Imagine you are on a threshold. But the spaces before and behind you are ambivalent.
Before: a ghostly shadow-world, where absence dwells in cavernous or cell-like spaces, rhythmed by the background hum of continual vertical lines. Behind: the viewing space, bounded by the gallery walls and floor. Or is it?
Gil Heitor Cortesão's paintings complicate your status as spectator. You become a voyeur, enmeshed in the narrative space of the painting by sheer proximity to it. Stepping up to the work means sinking further into its liminal depths. Cortesão denies you any distance. Here, you search for perspective in vain. You are untethered on this brink, neither inside nor outside, where public melts into private. Uneasiness abounds.
Umbra is Portuguese painter Cortesão's fourth solo show with Carbon 12. Shadows, as the Latin title suggests, are complex denizens of these works, both discursively and materially. In Cortesão's palette, shadow is a projection, beamed from some spectral world. A grey eeriness wafts through the forsaken interiors of the Passage series, as well as the cell-like confines of the Room works. Color, an occasional Cortesão obsession, has succumbed to a shadowy chill.
Tension brims in every frame. The stasis of the neat, geometrical space is disrupted by a painterly mark-the wavering smear of Passage #1, pillar-like drippings in Umbra #2, the exuberant splash in Circular Pool. Such corporal touches (for this is the painter's body weighing into the work), far from being some final expressionist flourish, are in fact the first marks made on the plexiglass surface. As Cortesão uses the "reverse glass" painting technique-painting on the opposite side of the transparent surface-the process is inverted. What would come last on a canvas comes first on the far side of the glass. Cortesão starts with the detail and paints the work "back" from there. From the outset, the mark is a deliberate antagonist to the rectitude of the frame-a violent eruption in the barrenness of order.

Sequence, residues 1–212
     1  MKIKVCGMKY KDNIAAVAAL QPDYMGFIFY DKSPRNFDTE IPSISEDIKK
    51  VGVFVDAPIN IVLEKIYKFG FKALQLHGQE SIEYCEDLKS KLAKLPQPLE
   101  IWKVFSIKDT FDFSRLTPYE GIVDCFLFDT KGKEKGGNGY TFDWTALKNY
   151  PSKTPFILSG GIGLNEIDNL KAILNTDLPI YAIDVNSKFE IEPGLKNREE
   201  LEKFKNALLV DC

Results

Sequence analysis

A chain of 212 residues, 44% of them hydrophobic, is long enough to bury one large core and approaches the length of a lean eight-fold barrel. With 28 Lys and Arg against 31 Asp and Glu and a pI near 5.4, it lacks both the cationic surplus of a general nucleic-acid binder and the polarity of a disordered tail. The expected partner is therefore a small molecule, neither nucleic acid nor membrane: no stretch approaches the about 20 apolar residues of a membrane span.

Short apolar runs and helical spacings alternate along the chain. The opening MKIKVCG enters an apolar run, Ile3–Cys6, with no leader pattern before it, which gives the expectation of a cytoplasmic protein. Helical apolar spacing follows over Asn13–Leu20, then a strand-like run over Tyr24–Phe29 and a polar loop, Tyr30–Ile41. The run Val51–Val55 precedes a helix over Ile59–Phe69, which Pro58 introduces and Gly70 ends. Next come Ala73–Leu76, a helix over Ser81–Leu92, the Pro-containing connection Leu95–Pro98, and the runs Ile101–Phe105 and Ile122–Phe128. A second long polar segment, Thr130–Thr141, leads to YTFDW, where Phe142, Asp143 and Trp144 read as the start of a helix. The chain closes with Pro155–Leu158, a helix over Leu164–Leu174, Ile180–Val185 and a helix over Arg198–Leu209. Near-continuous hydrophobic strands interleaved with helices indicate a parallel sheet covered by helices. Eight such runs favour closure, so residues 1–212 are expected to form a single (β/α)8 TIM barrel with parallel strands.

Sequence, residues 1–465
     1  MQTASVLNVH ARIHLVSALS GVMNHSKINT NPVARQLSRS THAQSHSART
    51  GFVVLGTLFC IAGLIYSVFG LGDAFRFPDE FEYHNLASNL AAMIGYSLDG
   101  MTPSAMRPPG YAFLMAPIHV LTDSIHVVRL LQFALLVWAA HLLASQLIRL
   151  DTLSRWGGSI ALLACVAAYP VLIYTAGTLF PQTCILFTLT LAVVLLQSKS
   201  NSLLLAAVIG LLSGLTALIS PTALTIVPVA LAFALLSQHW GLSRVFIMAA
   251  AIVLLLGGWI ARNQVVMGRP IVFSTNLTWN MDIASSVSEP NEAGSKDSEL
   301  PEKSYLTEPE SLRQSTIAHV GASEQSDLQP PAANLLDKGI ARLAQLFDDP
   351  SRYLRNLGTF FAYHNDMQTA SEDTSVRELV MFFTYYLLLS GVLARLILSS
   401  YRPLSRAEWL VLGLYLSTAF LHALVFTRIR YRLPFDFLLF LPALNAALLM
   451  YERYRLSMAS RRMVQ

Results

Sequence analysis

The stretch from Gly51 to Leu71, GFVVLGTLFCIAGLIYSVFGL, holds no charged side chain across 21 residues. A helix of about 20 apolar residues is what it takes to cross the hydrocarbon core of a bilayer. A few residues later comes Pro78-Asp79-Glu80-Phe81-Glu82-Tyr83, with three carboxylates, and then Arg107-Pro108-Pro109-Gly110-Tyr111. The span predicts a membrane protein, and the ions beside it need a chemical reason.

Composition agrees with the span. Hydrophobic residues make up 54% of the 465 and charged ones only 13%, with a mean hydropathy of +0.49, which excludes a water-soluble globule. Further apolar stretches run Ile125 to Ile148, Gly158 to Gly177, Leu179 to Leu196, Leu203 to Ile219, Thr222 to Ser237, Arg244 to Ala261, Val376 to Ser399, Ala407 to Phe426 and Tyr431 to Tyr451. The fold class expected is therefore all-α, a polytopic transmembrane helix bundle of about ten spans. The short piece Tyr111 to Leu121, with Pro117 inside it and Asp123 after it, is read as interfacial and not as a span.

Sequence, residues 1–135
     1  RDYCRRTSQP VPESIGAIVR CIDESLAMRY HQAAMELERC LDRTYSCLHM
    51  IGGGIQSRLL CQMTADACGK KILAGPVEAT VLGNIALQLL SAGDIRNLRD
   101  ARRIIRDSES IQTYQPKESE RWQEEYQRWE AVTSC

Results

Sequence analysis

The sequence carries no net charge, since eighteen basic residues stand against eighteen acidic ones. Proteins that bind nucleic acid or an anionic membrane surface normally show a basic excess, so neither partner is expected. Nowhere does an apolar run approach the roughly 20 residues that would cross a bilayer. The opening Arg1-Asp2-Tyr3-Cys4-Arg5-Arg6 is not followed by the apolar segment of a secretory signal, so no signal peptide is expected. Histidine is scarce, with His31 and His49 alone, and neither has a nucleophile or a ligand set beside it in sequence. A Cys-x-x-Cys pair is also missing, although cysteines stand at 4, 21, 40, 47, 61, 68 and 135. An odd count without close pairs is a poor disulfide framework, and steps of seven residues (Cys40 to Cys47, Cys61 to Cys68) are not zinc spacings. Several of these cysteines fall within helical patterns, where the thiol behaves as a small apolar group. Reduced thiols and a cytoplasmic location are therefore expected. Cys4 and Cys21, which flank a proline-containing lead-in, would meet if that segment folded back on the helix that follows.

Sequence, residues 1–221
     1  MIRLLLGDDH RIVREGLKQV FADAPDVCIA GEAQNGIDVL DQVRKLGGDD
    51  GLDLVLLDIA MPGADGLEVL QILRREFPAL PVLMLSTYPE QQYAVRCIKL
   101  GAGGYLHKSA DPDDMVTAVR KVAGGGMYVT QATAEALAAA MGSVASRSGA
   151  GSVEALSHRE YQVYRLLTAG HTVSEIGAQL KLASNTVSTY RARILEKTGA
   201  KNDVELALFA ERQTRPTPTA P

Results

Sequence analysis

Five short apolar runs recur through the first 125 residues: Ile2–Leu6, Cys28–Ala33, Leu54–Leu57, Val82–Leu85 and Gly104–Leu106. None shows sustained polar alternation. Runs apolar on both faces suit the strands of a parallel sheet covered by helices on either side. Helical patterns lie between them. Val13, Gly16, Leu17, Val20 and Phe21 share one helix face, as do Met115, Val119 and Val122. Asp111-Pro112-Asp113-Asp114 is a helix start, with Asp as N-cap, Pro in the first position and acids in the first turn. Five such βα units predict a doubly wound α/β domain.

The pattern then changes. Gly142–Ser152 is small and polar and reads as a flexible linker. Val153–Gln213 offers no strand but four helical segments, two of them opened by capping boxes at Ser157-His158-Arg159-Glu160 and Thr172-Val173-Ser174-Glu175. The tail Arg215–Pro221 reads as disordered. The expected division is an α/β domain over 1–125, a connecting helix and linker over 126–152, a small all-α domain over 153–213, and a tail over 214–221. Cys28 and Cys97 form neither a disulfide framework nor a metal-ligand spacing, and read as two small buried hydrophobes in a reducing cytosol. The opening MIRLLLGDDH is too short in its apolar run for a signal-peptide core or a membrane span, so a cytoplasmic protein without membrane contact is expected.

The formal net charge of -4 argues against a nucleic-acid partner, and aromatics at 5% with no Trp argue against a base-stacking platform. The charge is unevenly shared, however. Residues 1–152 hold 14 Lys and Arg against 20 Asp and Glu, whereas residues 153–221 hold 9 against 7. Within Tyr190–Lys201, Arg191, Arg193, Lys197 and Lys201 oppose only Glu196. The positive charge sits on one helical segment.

Another tension: the bodies of works are pitted against themselves. Passage #1, Passage #2 and Passage #3 are essentially landscapes in which some furtive movement rustles-in the smudges and drips of process, or the ambling action. Static and poised, the smaller works-Giorgio's Room, View with a Room and White Room-counter the sprawling landscapes with their box-like confinement. Umbra #1 and Umbra #2 are darker, spookier realms rendered in large scale, while Circular Pool sits, somewhat merrily, away from the others in tone and verve.
Across all the works, though, Cortesão manipulates inside and outside, the illusionary space of the painting and the real space grounding the viewer. As a spectator of Cortesão's world, you lurk: peering into the bright lights of a hollow function room from a somber terrace, loitering at an icy poolside, huddled in oaken shadows.
Modern architecture is a prized graphic device for the painter, its strict linearity and cubic modularity providing a rich ground for spatial play, for plumbing the limits of 2D/3D tension. Yet it also harks back to the rise of visual art in the hands of painters like Malevich and Mondrian-when art was almost subsumed into architecture, and paintings were redolent of the built space. Similarly, line pulses throughout Cortesão's paintings, creating an almost corrugated effect in the background. These streaks are the fruit of a process of doing-undoing-redoing, representing layers of paint that were applied and removed, seeping through the image with each destructive swipe. The result is an oddly unifying touch-an echo of a methodical rhythm amid the painterly din.
So here you stand: on the threshold, teetering towards virtuoso paintings, sprung from the shadows.
- Kevin Jones, February 2018